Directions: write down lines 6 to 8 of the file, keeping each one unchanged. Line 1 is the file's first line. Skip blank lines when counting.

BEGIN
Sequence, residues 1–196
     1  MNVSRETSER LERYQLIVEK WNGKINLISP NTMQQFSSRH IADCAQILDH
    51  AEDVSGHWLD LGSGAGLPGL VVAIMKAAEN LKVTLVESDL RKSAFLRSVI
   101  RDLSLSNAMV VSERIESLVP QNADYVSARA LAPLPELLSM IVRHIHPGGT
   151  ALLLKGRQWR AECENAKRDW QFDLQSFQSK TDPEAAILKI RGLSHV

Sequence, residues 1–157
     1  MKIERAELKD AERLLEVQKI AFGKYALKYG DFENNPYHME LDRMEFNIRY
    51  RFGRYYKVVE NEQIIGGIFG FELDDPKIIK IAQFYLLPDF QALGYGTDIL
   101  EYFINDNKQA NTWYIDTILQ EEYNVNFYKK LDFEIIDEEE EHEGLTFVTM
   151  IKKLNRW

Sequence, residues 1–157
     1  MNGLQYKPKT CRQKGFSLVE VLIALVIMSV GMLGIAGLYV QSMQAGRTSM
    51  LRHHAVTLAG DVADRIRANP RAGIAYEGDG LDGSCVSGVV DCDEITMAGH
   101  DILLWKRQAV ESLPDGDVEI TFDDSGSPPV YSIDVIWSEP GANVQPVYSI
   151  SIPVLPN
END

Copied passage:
Sequence, residues 1–157
     1  MKIERAELKD AERLLEVQKI AFGKYALKYG DFENNPYHME LDRMEFNIRY
    51  RFGRYYKVVE NEQIIGGIFG FELDDPKIIK IAQFYLLPDF QALGYGTDIL